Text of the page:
A frequent question I get each year is: "How do I get grass to grow under the shade of my trees?" Most turf grasses grown in the Lakelands are warm season grasses, such as Centipede, Bermuda, Zoysia or St. Augustine. Even though some, such as St. Augustine, tolerate a limited amount of shade, all turf grasses mentioned above need sunlight, water and nutrients for good growth and performance. Trees compete with turf grasses for all their needs.

Another complication when discussing growing grass in shade is the level of light versus shade, which is often related to individual tree characteristics. Things such as tree species, size, and spread of the tree, density of foliage, and height to the first branches affect the amount of light that reaches turf at ground level.

Pruning branches of large, older trees to allow more sunlight is difficult, often expensive and can create large wounds on the tree. This work is best left to professional tree companies. Where younger, smaller trees are planted within turf areas, a better approach to both trees and turf is possible. This begins with creating a mulch ring around the young tree to reduce grass competition while it grows. The mulch ring will eliminate the need to use mowers or weedeaters near the base of young trees that are easily damaged.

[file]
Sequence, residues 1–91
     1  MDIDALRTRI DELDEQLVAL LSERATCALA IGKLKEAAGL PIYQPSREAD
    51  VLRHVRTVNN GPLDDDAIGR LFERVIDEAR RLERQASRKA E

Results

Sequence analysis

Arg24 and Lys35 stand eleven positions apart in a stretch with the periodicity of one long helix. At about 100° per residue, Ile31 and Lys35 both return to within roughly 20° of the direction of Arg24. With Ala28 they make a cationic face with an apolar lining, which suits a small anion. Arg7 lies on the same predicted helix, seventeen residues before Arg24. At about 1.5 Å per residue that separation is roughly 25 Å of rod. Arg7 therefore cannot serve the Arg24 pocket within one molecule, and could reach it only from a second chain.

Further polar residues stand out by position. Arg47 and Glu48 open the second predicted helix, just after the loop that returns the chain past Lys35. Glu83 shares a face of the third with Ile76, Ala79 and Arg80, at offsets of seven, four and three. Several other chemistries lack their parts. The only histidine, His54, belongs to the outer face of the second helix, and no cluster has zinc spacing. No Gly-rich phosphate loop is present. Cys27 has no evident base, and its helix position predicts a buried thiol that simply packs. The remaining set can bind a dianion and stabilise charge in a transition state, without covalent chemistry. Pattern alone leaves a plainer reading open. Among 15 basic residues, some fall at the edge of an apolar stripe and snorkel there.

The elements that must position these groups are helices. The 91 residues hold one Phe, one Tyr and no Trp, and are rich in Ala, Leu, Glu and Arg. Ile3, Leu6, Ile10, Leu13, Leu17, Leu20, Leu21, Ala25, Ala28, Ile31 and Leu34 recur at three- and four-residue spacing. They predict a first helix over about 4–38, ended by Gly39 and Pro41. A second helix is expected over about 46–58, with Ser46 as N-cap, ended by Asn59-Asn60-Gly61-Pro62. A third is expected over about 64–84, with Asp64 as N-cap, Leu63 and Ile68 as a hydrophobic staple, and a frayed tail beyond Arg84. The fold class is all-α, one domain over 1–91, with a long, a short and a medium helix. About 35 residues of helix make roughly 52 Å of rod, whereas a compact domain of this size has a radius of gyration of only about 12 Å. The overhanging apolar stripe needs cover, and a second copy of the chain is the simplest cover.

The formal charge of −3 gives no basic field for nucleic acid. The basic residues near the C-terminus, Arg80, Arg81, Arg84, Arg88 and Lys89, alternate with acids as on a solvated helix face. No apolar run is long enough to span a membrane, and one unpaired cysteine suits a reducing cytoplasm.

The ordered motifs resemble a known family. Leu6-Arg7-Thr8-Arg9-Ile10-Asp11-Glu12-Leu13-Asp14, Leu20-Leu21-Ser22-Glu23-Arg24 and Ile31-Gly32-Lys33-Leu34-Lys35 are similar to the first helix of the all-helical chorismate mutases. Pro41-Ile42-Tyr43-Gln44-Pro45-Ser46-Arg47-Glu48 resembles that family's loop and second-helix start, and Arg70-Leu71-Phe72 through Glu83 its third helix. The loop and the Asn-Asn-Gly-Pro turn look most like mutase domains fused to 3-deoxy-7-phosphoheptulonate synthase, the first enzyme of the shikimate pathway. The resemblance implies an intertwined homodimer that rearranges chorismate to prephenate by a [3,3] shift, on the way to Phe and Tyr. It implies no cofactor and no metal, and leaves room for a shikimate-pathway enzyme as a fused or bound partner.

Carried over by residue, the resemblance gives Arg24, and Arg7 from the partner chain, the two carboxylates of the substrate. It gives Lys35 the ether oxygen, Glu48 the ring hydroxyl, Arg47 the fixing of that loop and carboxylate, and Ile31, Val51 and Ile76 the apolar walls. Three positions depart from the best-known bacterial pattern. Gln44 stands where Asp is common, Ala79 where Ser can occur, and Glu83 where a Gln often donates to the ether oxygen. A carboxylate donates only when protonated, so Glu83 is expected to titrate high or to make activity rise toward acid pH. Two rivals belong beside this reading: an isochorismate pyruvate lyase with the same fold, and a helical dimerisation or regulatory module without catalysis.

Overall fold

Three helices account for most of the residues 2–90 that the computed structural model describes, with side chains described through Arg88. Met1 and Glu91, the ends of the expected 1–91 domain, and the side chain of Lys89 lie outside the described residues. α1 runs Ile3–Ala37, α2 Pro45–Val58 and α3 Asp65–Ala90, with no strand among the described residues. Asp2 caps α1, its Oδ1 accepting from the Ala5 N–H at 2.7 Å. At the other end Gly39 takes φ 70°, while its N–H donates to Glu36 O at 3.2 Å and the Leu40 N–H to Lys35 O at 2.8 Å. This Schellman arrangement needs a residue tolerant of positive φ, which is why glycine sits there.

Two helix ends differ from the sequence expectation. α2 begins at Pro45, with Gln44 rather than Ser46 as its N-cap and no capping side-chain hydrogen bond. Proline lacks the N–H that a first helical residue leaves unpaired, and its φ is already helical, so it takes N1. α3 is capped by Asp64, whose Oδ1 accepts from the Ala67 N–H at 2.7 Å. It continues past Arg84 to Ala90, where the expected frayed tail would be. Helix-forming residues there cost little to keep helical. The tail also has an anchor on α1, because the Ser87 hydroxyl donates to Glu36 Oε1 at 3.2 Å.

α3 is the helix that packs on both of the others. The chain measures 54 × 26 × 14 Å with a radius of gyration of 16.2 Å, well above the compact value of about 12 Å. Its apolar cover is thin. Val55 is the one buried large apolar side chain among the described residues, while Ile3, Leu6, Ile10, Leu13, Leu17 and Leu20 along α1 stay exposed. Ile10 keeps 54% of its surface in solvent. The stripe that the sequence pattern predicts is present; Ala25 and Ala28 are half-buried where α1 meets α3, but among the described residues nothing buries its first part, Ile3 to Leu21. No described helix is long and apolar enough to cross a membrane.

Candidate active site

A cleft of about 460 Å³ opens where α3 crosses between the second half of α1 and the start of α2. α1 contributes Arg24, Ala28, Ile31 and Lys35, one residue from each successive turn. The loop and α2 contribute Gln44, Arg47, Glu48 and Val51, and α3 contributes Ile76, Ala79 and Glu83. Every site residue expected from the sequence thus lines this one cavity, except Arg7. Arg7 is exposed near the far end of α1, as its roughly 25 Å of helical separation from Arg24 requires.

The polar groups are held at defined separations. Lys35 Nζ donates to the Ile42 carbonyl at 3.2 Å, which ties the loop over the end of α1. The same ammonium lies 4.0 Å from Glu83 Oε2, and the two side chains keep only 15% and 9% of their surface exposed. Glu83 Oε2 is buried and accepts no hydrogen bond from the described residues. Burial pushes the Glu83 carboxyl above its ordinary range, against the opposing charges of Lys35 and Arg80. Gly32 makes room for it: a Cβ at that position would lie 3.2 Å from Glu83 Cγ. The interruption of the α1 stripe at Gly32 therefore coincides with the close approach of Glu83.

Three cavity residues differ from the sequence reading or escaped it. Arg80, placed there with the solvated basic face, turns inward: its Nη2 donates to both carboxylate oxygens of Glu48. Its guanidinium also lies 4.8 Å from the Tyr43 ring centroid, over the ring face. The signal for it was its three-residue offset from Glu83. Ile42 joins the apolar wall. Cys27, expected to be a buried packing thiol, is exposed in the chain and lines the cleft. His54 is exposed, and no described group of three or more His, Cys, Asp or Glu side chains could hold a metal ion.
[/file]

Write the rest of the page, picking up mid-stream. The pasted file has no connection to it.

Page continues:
A mulched zone near older trees might be better too, when large roots are exposed near their trunks. This complicates management of grass growth and maintenance under their canopies, but provides more protection to exposed surface roots. Mowers used to cut grass near trees often damage the tops of roots that are at the surface, or just above ground level. This damage can lead to root decay that weaken the tree roots over time. Trees with damaged or diseased roots are more susceptible to windthrow from storms and wind as they age.

Another practice, mowing in a circle around trees to cut scattered grass and weeds, often blows more soil away from surface roots which decreases the chances for grass growing well there. Removing soil exposes roots to move damage from the mower blades at the next mowing. Unless your older trees have been pruned on a regular basis to raise the live crown and increase side light penetration over time, it is often better to create a mulch zone near older trees to protect them from damage too. This ring of organic mulch will protect tree roots and create an acceptable visual view of the tree and turf areas.

Young trees should be pruned on a regular basis to raise their crown gradually to allow access under the tree and provide sunlight for nearby grass as they grow. Always leave 60 percent live crown after pruning to develop healthy and strong trees. Removing lower limbs every couple of years will raise the crown of young trees so that grass can still thrive near trees. Be sure to prune limbs off properly; don’t leave stubs or use flush cuts against the tree stem.

For information on proper tree pruning, check Clemson University’s HGIC website at clemson.edu/extension/hgic/plants/landscape/trees/hgic1001.html.

James Hodges is a Clemson Extension agent in Greenwood County. He can be reached at 864-223-3264.